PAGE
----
Private capital in health and care can be an all-round winner


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The UK is entering a period of unprecedented political uncertainty, and there is nothing of greater concern to investors than uncertainty.

And yet capital needs to make a return, so reliable investments in growth sectors will be at a premium in the next few years. Health and social care are two of the safest bets around, according to the corporate team at Trowers & Hamlins, which has a longstanding reputation advising investors and operators in these complex, interlinked and heavily-regulated sectors.

Private equity is already quite active in the care sector, where long-term residential care beds are expected to rise from today’s 450,000 to 780,000 by 2040, taking sector revenue from £13bn to £44bn, but a few investors have had their fingers burned.

“The key thing for investors in the care sector to be thinking about is reputational risk,” explains Tim Nye, corporate partner in the firm’s London office. “Now, you might think you know what that means, but in care, risks can be magnified out of all proportion, because vulnerable people are involved. As an investor, you back a management team to do their jobs, but care is heavily-regulated and can get a lot of press attention, so you need to keep a very close eye on what is going on in the homes you’re operating.”

Fellow corporate partner Alison Chivers agrees. “It’s very important to have good regional management,” she says. “Referrals into a care home will be from the locality, and while a big scandal might hit the national press and affect your reputation that way, other incidents might not make the nationals but might be big news locally, so it’s important the investor is on top of things wherever they have assets.”

“Reputational risk needs to be managed proactively,” says Nye. “Spending money on setting up a separate quality assurance board with independent assessors – not just your CEO or operations director – makes good commercial sense. You shouldn’t just see it as an additional cost item.”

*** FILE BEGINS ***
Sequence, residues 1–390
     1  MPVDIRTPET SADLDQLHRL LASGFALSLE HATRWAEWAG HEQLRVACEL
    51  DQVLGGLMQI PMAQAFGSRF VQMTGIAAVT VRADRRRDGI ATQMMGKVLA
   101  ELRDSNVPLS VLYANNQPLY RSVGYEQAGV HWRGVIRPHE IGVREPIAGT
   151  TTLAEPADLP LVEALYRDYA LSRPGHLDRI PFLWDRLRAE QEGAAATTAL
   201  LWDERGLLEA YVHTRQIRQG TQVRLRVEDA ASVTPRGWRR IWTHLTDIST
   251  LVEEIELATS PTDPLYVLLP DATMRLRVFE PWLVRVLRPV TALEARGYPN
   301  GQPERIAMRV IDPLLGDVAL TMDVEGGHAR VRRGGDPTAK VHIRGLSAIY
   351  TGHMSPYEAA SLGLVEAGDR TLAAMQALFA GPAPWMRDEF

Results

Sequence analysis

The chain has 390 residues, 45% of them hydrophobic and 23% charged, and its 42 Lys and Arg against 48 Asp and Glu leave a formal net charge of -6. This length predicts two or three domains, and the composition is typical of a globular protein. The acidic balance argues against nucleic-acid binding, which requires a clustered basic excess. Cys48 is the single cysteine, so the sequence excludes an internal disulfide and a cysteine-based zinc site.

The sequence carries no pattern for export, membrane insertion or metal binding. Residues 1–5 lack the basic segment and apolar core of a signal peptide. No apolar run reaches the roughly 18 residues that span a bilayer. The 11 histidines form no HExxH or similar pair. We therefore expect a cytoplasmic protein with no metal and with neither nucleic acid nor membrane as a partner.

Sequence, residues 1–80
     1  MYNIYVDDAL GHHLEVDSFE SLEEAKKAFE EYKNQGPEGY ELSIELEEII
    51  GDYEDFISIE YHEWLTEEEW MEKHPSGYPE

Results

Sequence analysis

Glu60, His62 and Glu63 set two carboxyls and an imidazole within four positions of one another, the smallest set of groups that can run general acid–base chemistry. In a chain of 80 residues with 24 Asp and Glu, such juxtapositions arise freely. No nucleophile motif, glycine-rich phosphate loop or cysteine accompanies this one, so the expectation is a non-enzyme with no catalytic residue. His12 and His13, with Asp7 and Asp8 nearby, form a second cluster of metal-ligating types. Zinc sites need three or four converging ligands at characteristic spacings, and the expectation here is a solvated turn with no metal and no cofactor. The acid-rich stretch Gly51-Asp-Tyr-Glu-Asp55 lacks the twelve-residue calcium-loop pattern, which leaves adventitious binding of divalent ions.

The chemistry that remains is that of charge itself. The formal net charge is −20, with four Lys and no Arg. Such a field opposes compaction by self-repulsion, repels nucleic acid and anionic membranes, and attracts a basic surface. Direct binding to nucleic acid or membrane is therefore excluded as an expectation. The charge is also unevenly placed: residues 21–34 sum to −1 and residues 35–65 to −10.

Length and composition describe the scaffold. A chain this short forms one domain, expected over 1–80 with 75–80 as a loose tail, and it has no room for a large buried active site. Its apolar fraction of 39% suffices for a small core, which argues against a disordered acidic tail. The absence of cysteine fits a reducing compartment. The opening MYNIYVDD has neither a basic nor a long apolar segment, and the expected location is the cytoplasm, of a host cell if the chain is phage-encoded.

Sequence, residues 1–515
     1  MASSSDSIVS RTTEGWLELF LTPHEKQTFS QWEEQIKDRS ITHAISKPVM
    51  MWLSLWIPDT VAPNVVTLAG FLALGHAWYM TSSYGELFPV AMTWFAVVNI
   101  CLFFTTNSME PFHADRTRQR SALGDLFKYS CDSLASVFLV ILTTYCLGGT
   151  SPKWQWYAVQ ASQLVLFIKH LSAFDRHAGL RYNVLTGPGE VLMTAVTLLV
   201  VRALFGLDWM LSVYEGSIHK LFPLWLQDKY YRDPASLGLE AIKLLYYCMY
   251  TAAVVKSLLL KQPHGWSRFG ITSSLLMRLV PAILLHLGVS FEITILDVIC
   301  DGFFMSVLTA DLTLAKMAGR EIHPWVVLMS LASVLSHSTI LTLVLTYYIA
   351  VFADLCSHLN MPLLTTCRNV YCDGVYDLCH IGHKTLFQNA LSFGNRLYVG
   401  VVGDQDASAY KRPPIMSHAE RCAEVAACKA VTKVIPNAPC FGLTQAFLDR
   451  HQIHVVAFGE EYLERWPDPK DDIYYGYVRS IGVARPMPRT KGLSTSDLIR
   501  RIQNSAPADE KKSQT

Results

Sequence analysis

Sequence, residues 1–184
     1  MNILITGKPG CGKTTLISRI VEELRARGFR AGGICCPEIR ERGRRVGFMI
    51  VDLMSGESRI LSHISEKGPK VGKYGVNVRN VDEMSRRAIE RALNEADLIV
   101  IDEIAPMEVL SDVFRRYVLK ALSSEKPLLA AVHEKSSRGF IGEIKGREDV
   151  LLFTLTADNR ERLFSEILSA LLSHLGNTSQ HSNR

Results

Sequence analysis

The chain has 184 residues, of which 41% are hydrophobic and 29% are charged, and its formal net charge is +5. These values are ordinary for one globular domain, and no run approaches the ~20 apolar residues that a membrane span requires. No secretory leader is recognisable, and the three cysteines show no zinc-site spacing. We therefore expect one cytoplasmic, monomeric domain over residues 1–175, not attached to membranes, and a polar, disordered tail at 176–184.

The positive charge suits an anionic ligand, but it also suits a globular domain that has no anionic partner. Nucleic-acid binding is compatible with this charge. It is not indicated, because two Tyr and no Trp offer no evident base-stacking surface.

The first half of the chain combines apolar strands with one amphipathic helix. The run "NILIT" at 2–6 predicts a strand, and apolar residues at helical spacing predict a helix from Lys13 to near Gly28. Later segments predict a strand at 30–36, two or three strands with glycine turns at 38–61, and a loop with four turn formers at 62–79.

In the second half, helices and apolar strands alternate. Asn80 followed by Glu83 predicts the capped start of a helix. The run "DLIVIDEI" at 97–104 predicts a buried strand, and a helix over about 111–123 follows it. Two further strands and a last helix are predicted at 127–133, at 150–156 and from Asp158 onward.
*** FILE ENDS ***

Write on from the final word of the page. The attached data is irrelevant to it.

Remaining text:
The Care Quality Commission has the responsibility of regulating the care sector but as Nye explains, if a CQC visit results in an inadequate (or worse) rating, “local authorities have a duty of care, and may well embargo referrals to care homes they or the regulator judge inadequate. That will affect your ongoing income stream, and have an effect on your exit too, it can become a vicious circle and so it’s best to avoid that happening.” ”The CQC has a very broad remit,” Chivers explains, “and they’re stretched in terms of time and resources, so relying on their – infrequent – inspections to alert you to problems is going to be far too late. The prudent investor is going to make sure that doesn’t happen in the first place.”

Another of Chivers and Nye’s recommendations is to set up a whistleblowing hotline for staff. “Whistleblowing is one of those things some employers run scared of,” says Nye, “but you need to think about it as a vital early warning system, an insurance policy for your investment.”

Long-term residential care is the sharp end of the care sector, but with the UK’s ageing population, housing with a care element can be a much more cost-effective, and less dramatic option. Nye and Chivers see considerable potential for retirement communities, a very popular option in the US but thus far an idea which has seen relatively modest activity in the UK.

“Retirement communities can free up housing stock, take care back into the community and put much less pressure on the NHS,” says Nye.

“They’re great,” agrees Chivers, “when they’re done right, but developers and operators need to think about creating true living experiences with amenities that are appropriate to the specific locality and demographic being targeted. It cannot be a one-size-fits-all model - not everyone in retirement wants their day to be filled with endless group activities. Research has shown that most people don’t want to move more than three or four miles from where they’ve been living, so there’s a need for these communities everywhere in the UK.”

While care has for some time been a focus for private equity interest, partnering with the NHS has been slower to crystallise other than in some discrete areas, primarily due to political factors, but the team see change on the horizon in the Health sector too.